At a Jewel-Osco grocery store in south suburban Homewood Saturday, Eugene Blaylock offered shoppers a sample of his own barbecue sauce poured over smoked sausage.
“One lick and that’s it,” he said, pitching the sauce at a stand set up for a special Black History Month event put on annually by Jewel-Osco.
“Taste of Black History” is a month long recognition of the Black vendors whose products are available on the shelves at local Jewel stores. As many as 20 vendors travel to stores on the South Side and in the south suburbs giving shoppers a taste of the vendors’ products. This year’s event, which marked the 13th year for TOBH, started Feb. 2 at Jewel on 183rd Street and Kedzie Avenue in Homewood and will end Sunday after the program at the store on 95th Street and Stony Island Avenue.
Blaylock told the Chicago Citizen at the Jewel located at 17705 S. Halsted in Homewood that he had tried for a long time to get his proprietary, “no-fat, no-cholesterol” barbecue sauce in other grocery stores but to no avail. However, for the last six years he’s been stocked at Jewel. The entrepreneur is pleased that the grocer offers the special time for Black vendors to offer samples of their products.
“How would customers know that we’re African American vendors if we don’t get a chance to showcase our products?” he said.
Jacqueline Grant was at the Homewood store Saturday as well. She was offering samples of black beans and rice, black-eyed peas, sweet potato pie and seasoning from the Grandma Maud’s brand. She told the Chicago Citizen that the brand’s owner, Paul Freja, has had the products in Jewel for 15 years.
“For (Jewel) to present our products in all the stores, not just in our community, is wonderful,” said Grant. “It lets everyone know the products are here and to patronize us so (we) stay in business.”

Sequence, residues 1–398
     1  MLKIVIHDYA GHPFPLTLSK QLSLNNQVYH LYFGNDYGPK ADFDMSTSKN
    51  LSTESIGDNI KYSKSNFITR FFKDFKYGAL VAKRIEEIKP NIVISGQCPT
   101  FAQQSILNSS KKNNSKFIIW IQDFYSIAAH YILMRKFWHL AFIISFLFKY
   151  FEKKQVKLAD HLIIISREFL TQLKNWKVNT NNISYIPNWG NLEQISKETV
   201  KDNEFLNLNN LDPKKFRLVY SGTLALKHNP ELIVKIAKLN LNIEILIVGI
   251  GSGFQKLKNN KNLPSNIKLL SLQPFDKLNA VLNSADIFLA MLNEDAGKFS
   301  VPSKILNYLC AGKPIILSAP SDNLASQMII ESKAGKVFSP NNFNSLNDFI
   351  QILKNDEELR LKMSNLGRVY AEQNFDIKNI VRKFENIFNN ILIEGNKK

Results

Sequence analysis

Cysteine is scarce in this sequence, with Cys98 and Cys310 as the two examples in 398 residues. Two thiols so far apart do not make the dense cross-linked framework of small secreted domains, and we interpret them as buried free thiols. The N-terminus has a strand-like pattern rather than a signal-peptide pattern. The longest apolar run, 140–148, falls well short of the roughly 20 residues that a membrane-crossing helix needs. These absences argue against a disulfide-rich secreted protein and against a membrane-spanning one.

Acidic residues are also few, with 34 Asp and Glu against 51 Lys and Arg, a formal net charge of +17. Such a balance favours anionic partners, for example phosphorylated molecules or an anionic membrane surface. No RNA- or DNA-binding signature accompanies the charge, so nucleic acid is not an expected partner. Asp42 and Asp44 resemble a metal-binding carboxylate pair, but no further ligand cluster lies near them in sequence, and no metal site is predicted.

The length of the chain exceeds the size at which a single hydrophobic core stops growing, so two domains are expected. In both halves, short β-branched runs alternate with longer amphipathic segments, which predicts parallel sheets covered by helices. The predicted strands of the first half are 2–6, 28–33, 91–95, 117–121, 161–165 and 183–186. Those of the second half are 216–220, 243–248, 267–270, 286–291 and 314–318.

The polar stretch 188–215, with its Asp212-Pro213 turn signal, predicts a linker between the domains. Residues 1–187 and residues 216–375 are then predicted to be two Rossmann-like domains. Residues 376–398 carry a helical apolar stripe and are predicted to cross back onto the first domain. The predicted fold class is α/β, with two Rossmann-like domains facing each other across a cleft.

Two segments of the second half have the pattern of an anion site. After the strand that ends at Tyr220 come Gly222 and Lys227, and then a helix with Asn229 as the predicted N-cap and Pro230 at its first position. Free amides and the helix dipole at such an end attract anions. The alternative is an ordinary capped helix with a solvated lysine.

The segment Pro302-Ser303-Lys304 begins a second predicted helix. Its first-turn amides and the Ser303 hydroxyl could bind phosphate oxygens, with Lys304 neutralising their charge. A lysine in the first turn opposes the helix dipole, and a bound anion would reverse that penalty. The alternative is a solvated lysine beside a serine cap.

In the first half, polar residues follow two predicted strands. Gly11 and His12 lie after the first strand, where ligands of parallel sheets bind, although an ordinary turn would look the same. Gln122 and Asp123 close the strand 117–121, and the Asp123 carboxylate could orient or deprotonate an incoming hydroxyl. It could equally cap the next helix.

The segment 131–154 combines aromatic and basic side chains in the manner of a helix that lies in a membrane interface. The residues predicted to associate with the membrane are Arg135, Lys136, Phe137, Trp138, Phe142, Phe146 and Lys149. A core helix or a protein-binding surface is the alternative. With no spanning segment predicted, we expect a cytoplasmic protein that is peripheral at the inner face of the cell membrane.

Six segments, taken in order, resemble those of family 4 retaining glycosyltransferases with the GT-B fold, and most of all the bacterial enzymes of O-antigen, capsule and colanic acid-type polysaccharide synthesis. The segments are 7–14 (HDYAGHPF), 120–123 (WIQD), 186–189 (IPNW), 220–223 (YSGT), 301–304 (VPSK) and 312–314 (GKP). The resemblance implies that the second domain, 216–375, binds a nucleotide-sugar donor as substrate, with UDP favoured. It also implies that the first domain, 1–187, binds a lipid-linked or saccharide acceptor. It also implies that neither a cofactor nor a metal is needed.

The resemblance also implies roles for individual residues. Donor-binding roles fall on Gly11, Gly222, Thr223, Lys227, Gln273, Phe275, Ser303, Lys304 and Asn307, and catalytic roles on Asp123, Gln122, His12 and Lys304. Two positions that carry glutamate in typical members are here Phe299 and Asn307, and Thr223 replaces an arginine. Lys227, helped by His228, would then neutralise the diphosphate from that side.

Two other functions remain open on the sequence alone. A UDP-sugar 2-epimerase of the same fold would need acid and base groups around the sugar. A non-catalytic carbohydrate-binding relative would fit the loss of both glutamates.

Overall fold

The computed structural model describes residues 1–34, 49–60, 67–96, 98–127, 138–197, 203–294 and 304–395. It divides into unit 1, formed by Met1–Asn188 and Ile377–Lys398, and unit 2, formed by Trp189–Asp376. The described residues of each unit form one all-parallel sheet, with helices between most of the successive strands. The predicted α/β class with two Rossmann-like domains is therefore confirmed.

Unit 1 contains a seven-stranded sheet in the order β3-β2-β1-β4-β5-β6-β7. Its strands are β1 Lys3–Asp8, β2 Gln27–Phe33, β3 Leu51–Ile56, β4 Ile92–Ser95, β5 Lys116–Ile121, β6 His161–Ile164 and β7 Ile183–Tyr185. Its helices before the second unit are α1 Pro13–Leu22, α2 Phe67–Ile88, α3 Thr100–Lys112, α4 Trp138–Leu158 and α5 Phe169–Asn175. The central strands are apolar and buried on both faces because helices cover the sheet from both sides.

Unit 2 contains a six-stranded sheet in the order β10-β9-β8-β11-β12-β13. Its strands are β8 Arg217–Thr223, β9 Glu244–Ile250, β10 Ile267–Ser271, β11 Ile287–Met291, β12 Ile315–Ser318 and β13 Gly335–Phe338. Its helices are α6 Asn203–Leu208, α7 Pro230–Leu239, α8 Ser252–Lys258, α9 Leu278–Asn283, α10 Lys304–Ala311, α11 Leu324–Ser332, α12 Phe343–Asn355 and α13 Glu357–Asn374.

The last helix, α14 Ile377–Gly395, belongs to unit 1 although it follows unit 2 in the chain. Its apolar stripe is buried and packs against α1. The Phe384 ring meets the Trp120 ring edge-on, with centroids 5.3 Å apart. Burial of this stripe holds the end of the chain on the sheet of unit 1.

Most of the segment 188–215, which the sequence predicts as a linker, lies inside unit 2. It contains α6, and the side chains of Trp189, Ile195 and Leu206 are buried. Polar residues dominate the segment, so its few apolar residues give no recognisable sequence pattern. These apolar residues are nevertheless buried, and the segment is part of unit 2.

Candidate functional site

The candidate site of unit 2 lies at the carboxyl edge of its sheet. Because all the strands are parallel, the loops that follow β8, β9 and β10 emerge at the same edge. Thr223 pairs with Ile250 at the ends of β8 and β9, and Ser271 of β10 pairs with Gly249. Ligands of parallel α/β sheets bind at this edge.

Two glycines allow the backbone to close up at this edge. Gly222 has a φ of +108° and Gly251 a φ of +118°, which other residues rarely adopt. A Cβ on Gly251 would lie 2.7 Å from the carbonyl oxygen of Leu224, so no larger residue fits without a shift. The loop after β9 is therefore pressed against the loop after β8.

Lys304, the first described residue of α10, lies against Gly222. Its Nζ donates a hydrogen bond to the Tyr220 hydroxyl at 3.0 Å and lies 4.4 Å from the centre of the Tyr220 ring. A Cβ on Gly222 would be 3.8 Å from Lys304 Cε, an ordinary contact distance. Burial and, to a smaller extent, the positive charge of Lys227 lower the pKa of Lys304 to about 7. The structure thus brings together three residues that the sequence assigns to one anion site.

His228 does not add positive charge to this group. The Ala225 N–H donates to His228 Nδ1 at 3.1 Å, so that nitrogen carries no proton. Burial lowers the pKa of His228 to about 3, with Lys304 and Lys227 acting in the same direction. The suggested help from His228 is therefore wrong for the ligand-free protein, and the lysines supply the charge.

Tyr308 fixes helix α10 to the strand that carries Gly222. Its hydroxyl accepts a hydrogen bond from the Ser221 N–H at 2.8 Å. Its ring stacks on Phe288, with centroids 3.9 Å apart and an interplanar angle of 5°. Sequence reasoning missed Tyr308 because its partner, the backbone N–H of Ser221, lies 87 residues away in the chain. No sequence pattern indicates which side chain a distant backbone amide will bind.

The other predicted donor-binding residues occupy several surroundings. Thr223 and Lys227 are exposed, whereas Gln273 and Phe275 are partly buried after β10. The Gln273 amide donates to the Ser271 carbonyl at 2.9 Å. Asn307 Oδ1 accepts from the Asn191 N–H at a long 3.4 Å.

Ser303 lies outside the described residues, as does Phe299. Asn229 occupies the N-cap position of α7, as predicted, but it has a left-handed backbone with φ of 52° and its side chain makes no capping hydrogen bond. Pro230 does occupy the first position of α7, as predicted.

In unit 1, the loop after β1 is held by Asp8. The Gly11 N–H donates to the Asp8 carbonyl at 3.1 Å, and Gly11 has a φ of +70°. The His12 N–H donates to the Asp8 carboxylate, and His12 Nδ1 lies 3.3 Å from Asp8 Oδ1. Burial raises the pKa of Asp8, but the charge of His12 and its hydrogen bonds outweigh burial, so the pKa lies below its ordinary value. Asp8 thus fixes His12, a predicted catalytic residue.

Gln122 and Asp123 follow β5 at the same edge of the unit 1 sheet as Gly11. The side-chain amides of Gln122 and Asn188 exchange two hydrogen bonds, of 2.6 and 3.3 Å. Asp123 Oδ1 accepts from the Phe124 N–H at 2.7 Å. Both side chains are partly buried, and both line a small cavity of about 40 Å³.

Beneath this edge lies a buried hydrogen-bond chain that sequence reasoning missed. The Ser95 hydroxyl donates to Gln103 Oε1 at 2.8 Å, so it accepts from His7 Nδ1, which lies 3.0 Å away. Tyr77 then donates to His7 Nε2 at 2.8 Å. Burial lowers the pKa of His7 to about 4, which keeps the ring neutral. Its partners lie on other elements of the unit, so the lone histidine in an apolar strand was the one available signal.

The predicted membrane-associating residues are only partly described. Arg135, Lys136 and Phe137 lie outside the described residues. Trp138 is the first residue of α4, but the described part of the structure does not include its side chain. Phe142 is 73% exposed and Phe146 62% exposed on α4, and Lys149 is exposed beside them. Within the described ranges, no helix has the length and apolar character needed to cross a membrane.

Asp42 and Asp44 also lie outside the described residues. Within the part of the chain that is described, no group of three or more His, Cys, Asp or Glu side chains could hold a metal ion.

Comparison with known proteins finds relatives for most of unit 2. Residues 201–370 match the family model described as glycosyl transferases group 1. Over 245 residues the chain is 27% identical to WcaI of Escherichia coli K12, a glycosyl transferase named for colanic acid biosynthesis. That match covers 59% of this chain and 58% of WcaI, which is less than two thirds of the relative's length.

In addition to numerous in-store sampling events featuring Black vendor products, Jewel-Osco hosted a private reception Thursday at the South Shore Cultural Center, 7059 S. South Shore Drive. Guests there were treated to a variety of dishes that were prepared using Black vendors’ products.
Additionally, Jewel-Osco awarded $20,000 in grants to four community organizations:
Hunger Relief Awards were presented to Martin Temple A.M.E. Zion Church for its Spoonful of Hope Soup Kitchen and Fellowship Missionary Baptist Church for its Community Table Food Pantry; GreenNet Chicago was given the Environmental Stewardship Award; and Girls in the Game received the Nutrition Education Award.
Angelica’s Bakery picked up the Jewel-Osco 2012 “Vendor of the Year Award” for “its outstanding work in brand development and marketing.”
“Our African American vendors are important members of the Jewel-Osco family, and they are vital to our success,” said Brian Huff, president of Jewel-Osco. “We want to thank them for helping us meet the diverse needs of our customers every day, and we hope consumers recognize that by purchasing African American vendor products they are supporting these wonderful entrepreneurs.”
By Rhonda Gillespie